[RotorAndWing said: ↑
This is just a very small example. There are multitudes of other factors. My point here is trying to say the airline cockpit is "less demanding" is pure bunk and nowhere in the Nall Report do they make that claim.]
I’ve actually always agreed that the typical ‘airline cockpit’ itself is moderately more complex than most GA aircraft, that’s obvious and it’s not the question at hand. Nor did I ever say the Nall Report said what RW perceived that I said.
It is the entire airline activity as a WHOLE that has been simplified for their pilots in a very successful bid to mitigate risk and reduce pilot demands by spreading responsibilities among multiple parties that I have stated repeatedly that hasn’t gotten through to RW and some others here.
Well in your first paragraph you really support my position because as you say, “I get to do all those things” when you fly single pilot IFR, as opposed to airlines who share duties between two pilots, (plus ground personnel) thereby reducing substantially the demands on the airline pilot.
Looks like it took you four years to get around to replying to that post!
Based on what I've heard about the complexity of the systems in an airliner and how airline ground schools are like drinking from a fire hose, together with the fact that airline crews are expected to launch in conditions that I wouldn't even dream of flying in and the fact that as a GA pilot, I don't have to worry about what anyone thinks of my no-go decisions, it's hard for me to buy the idea that airline crews have it easier than I do.
Man, I'm glad I don't fly for your airline! That sucks you had that experience in the 121 world - where was it?
At Delta it's not like that at all. The pilots swap off legs on a trip - you are pilot flying or pilot monitoring. Normal tasks are divided as such and to my surprise every captain that I flew with asked my opinion before making just about every decision. Doesn't mean that I would've changed their minds had we disagreed but that was rarely - if ever - the case.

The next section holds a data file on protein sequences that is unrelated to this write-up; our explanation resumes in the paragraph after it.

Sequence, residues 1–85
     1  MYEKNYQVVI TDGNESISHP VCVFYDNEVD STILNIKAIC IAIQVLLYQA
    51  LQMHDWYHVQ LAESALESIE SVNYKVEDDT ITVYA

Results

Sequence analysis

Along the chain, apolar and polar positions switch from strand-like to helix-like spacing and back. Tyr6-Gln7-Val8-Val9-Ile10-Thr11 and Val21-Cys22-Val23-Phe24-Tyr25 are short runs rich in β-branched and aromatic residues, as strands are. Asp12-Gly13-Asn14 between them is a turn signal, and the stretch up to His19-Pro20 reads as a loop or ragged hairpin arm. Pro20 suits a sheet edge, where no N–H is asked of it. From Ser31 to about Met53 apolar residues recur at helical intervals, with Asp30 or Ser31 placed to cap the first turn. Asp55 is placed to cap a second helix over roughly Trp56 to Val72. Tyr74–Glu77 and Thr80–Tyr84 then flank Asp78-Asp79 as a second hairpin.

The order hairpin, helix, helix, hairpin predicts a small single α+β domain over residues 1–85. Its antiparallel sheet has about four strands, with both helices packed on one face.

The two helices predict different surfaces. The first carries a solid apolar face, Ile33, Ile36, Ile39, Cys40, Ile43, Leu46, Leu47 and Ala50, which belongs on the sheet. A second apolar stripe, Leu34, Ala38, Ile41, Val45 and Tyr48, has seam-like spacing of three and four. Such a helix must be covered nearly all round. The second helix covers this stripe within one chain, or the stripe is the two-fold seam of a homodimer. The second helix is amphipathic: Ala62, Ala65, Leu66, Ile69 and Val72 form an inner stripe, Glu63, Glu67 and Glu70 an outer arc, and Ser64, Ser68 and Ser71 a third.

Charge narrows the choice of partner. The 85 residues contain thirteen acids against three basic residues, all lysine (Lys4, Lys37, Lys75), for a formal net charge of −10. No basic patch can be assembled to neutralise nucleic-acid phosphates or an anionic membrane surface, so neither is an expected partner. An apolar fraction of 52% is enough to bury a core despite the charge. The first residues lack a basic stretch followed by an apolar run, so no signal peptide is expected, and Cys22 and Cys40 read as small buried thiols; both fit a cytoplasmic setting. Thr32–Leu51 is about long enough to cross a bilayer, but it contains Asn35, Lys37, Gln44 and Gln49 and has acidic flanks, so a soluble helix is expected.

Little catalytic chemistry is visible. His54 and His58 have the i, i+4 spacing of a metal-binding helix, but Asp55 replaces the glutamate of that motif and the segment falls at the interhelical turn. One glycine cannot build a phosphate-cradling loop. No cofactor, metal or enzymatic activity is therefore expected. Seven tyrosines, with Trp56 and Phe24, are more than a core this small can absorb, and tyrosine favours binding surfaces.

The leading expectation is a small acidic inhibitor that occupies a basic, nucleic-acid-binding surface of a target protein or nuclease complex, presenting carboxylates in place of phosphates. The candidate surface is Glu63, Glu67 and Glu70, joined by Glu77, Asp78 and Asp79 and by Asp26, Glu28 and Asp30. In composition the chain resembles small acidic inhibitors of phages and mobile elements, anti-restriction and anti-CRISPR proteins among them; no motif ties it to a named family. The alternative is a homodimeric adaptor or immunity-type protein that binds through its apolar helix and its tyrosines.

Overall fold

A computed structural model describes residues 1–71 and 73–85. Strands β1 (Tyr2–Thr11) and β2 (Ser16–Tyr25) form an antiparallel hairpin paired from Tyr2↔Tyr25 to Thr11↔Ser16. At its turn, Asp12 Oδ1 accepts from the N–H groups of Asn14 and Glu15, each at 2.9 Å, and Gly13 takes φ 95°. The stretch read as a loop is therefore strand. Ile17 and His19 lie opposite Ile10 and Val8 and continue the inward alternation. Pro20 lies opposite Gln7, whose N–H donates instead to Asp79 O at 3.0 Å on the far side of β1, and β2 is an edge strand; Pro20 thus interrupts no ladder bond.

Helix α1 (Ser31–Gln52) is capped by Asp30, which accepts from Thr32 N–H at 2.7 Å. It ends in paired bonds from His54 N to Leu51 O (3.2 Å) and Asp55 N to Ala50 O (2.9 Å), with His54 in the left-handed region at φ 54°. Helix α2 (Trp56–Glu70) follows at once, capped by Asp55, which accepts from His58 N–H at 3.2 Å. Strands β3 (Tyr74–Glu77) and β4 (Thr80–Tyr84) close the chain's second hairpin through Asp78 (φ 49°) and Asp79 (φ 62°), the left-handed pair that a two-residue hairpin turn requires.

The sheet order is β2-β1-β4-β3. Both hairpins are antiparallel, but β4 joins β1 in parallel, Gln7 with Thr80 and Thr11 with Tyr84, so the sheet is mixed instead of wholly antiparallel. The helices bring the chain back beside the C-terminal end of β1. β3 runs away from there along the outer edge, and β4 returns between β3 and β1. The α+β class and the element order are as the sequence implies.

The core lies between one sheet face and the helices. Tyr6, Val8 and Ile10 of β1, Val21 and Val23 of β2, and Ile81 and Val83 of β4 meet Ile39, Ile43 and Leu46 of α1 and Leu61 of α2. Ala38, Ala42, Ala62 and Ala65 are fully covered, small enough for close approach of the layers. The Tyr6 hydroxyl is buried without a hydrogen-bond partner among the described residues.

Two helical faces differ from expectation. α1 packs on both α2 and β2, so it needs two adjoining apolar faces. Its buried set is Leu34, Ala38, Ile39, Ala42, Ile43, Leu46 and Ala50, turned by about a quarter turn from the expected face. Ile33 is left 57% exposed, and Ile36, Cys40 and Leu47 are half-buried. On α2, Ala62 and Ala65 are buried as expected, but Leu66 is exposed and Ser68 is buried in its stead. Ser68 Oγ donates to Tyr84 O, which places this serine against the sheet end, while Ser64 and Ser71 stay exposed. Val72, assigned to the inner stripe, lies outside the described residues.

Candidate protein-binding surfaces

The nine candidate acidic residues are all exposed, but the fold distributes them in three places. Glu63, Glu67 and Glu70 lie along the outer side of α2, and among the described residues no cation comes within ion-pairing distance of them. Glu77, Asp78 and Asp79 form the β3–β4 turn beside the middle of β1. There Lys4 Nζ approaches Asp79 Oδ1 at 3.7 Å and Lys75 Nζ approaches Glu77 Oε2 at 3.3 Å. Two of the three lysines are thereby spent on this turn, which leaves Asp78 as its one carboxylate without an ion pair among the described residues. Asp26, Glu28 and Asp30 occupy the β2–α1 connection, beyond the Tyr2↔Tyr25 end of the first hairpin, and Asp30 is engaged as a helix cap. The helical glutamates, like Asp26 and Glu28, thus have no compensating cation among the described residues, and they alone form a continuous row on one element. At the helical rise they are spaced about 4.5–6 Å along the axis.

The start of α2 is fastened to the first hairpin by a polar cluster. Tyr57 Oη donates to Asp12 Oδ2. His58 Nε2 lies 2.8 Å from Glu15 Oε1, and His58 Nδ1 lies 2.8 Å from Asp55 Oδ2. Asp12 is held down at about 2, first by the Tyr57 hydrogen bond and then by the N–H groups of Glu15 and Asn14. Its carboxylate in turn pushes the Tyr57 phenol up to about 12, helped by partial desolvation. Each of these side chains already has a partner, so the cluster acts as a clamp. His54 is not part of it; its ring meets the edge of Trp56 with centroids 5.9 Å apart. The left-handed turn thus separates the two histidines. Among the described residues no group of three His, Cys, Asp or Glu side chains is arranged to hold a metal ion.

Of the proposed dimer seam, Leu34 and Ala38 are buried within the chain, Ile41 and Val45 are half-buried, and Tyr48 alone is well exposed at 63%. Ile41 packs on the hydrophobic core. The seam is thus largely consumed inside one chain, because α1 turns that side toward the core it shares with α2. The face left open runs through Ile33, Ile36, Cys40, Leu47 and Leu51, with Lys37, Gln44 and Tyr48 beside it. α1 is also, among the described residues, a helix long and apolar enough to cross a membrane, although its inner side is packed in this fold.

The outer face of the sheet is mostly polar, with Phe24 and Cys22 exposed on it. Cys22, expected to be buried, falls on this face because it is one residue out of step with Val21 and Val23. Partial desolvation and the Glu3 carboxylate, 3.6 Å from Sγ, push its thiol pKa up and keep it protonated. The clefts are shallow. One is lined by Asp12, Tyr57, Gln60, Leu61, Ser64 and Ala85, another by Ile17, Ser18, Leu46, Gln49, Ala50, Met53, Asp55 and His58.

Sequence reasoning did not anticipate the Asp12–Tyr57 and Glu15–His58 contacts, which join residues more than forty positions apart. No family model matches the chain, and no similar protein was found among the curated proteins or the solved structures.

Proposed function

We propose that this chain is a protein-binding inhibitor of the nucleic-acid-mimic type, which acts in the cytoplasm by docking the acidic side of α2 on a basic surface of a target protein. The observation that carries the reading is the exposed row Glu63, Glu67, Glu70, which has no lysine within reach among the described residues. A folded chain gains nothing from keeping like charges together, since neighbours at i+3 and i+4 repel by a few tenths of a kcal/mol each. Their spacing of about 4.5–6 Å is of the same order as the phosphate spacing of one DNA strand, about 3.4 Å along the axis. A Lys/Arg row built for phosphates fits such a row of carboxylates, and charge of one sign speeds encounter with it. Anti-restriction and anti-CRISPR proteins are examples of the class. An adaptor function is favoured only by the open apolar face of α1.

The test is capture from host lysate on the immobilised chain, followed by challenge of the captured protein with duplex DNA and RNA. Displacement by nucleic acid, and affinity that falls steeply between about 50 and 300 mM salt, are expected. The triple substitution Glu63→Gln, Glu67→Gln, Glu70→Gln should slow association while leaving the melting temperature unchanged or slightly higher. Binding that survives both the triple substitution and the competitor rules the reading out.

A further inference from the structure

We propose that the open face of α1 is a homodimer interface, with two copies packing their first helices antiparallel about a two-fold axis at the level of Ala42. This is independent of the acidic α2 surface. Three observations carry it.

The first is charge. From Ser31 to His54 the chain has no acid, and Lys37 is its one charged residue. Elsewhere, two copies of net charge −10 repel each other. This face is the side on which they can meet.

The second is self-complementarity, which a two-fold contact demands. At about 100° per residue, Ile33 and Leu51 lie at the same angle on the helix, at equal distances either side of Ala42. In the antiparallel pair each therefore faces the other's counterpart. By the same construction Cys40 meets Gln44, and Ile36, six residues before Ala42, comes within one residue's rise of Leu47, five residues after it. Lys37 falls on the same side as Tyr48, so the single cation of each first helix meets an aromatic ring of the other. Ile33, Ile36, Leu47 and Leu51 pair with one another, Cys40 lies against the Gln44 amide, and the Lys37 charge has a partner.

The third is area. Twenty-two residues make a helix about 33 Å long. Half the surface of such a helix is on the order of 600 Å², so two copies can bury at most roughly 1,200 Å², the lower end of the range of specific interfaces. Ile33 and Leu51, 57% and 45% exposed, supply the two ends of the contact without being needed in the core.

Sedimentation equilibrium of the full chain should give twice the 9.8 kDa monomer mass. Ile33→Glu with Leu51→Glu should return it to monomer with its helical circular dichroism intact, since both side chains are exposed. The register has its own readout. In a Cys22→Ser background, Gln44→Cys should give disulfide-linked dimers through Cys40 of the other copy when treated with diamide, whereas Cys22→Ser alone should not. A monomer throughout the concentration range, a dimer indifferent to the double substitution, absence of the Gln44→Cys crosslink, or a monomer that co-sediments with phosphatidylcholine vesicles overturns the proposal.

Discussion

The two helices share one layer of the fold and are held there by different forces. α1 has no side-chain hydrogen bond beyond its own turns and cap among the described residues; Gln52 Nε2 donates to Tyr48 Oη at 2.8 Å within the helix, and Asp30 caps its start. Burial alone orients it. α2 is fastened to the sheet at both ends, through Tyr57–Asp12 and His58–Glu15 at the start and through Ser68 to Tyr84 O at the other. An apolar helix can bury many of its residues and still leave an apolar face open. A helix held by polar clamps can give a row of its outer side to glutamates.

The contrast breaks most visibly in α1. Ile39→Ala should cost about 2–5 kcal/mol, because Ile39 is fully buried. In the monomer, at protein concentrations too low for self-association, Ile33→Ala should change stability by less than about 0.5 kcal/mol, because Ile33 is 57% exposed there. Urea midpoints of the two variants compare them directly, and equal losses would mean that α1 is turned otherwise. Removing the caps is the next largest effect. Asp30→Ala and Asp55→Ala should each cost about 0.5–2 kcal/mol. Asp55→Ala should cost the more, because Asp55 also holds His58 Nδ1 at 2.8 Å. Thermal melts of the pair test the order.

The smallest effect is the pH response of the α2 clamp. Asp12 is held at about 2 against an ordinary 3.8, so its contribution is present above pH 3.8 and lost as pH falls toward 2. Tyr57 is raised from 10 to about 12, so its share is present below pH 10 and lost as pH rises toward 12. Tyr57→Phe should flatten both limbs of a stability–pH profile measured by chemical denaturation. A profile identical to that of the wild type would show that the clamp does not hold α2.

Same when I was at ASA. Probably some of it due to DAL HQ right there at ATL and mirroring DAL's training programs. But I would think it's this way at all the majors as well as the vast majority of regionals.
I reread the Nall report, and nowhere in there does it even hint at saying that GA is more demanding than airline flying. Dangerous, maybe, but not demanding.
I think the big problem is that the OP never defined what "demanding" means.
Demanding how? Stick and rudder-wise? Decision-making? CRM-wise? Demanding how?
Demanding like flying a KC-135 in Afghanistan responding to calls for a refueling asset in Killbox AB-Keypads 4-9 for A-10s supporting a TIC. At night... in the weather. That kind of demanding?
Or demanding like launching at sunset and flying 10 hours and landing in Guangzhou, China with controllers who barely speak English and having to fly a RNAV approach using metric altimetry, then land with a 35 knot crosswind?